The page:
Note: This is an archived Handbook entry from 2008.Search for this in the current handbook
|Dates & Locations:|| |
This subject has the following teaching availabilities in 2008:Semester 2, - Taught on campus.
Timetable can be viewed here. For information about these dates, click here.
|Time Commitment:||Contact Hours: A 2-hour seminar per week |
Total Time Commitment: .
|Prerequisites:||Entry into the Postgraduate diploma or Honours in Criminology or Socio-legal studies, or entry into the Master of Criminology 200-point program.|
|Recommended Background Knowledge:||None|
|Non Allowed Subjects:||None|
|Core Participation Requirements:||.|
CoordinatorDr Mark Brown
|Subject Overview:|| |
This subject focuses on the idea that since the 1970s there has been a rise in punitiveness right across the developed nations of the west. The subject asks students to identify and understand the different domains in which punitiveness might reside and have notionally been increased. It will introduce students to key debates within contemporary criminology concerning the extent, substance and reasons for changes in punitiveness. The subject will explore through a series of case studies the experiences of nations that have seen apparent rises in punitiveness as well as countervailing cases, such as in the Scandanavian countries and Canada, which seem to have escaped the trend. On completion of the subject students should have an understanding of both the data and explanatory and theoretical arguments concerning what has been seen as a major defining feature of most western nations‚ recent history: the inexorable rise of punitive attitudes and practices.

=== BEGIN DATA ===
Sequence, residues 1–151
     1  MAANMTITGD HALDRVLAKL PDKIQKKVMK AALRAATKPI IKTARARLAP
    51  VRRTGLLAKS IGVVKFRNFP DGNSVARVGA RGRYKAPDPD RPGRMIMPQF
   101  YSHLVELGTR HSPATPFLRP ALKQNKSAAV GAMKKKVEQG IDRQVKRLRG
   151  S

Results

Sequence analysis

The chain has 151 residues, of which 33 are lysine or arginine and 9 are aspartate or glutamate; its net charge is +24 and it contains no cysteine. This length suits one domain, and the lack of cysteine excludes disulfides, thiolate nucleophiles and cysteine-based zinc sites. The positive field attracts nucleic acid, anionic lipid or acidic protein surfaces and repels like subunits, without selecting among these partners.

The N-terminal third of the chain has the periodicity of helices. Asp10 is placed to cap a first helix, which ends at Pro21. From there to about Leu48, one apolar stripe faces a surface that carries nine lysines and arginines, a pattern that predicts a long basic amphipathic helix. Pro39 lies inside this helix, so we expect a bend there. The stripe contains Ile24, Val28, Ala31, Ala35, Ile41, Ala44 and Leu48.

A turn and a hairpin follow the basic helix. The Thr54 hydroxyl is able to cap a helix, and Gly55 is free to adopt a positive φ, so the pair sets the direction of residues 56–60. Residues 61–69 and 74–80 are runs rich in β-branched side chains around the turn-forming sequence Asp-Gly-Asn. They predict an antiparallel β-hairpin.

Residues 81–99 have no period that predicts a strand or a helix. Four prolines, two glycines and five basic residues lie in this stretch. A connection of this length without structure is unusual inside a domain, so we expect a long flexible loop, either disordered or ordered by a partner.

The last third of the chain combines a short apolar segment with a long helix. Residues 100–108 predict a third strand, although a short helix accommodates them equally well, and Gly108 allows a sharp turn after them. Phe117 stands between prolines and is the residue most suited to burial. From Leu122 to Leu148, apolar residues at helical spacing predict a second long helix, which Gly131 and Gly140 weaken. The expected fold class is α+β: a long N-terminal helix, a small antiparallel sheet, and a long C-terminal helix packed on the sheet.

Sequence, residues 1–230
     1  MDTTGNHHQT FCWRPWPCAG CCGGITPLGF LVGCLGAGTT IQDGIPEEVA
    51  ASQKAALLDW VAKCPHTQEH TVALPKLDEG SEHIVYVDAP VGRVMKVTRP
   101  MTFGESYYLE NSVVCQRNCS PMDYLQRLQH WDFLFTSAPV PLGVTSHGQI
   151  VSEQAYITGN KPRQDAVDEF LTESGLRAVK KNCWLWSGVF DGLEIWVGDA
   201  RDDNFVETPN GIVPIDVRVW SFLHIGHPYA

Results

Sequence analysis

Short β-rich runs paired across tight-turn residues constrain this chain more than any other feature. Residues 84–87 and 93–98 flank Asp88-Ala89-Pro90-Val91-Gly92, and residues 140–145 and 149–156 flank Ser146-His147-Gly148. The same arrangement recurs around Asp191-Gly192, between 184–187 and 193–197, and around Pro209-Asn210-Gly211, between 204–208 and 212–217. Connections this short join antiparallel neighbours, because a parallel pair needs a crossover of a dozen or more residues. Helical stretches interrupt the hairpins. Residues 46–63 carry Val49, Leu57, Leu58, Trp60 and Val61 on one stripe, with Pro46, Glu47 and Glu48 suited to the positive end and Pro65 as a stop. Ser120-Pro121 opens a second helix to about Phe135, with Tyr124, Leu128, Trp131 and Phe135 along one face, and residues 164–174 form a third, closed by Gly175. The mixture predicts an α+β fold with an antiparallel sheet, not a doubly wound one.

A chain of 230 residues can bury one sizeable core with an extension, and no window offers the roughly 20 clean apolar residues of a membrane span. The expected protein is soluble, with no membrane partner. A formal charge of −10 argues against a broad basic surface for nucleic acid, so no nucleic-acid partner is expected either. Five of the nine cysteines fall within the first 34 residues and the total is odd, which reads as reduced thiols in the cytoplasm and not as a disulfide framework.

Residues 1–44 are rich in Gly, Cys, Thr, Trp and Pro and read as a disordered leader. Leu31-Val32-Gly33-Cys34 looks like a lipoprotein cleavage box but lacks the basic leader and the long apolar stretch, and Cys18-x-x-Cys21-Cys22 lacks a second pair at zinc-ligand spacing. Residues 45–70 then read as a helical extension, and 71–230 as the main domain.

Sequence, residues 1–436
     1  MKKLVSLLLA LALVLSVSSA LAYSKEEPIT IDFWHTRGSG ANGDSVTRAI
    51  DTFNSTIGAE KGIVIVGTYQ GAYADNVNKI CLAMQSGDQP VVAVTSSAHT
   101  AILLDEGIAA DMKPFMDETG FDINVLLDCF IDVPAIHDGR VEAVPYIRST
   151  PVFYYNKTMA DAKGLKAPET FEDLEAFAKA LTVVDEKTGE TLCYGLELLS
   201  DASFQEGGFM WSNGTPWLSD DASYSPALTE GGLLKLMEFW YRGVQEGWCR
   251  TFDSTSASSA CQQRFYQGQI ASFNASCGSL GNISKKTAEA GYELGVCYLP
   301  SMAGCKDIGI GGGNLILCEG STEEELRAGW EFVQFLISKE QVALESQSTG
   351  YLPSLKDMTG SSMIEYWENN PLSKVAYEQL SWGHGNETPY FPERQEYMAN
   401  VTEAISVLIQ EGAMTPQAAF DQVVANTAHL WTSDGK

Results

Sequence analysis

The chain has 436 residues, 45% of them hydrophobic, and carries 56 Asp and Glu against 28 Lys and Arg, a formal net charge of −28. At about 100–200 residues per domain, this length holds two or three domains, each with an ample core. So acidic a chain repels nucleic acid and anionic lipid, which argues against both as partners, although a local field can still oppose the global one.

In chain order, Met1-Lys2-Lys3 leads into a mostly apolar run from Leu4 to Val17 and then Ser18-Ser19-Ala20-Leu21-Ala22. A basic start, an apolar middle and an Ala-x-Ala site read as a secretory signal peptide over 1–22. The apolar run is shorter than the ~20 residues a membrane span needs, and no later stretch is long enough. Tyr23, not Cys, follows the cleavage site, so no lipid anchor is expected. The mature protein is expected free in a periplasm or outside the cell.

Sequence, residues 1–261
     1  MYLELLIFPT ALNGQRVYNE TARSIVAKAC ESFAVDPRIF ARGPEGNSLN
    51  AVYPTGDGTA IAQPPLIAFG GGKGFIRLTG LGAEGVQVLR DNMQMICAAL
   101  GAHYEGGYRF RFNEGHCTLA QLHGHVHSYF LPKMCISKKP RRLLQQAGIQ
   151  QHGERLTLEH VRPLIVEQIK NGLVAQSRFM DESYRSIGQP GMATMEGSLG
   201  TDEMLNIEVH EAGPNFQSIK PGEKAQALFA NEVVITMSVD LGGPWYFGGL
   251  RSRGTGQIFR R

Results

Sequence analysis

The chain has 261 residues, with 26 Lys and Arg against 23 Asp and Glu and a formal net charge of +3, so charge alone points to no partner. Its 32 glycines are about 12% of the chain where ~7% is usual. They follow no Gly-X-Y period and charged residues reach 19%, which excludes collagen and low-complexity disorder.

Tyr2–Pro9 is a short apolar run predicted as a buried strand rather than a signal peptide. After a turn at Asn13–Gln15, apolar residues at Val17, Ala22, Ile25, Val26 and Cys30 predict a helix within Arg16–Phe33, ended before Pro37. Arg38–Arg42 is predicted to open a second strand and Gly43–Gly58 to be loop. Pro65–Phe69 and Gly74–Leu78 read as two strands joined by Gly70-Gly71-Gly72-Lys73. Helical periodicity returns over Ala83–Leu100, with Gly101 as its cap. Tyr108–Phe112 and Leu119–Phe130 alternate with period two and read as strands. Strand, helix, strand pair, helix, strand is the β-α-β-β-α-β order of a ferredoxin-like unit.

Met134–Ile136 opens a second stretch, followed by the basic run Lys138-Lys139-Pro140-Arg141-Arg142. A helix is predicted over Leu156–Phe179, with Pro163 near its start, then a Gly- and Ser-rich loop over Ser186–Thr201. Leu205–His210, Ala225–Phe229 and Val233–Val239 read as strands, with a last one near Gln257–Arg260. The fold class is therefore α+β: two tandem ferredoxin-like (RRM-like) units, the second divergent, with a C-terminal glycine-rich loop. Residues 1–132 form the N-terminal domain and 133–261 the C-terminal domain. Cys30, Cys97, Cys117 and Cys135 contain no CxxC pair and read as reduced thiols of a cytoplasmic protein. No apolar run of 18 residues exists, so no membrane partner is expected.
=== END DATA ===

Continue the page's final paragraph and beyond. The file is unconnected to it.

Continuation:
|Assessment:||A written essay plan of 500 words worth 10% (due mid-semester) and a 4500 word written essay (due at end of semester).|
|Prescribed Texts:||A subject reader will be available from the Bookroom at the beginning of semester|
|Breadth Options:|| |
This subject is not available as a breadth subject.
|Fees Information:||Subject EFTSL, Level, Discipline & Census Date|
Formerly available as 191-531 Penal Policy and Practice. Students who have completed 191-531 are not permitted to enrol in this subject.
Master of Criminology (CWT) |
Master of Public Policy and Management (Coursework)
Master of Social Policy
Postgraduate Diploma in Arts (Criminology)
Postgraduate Diploma in Arts (Socio-Legal Studies)
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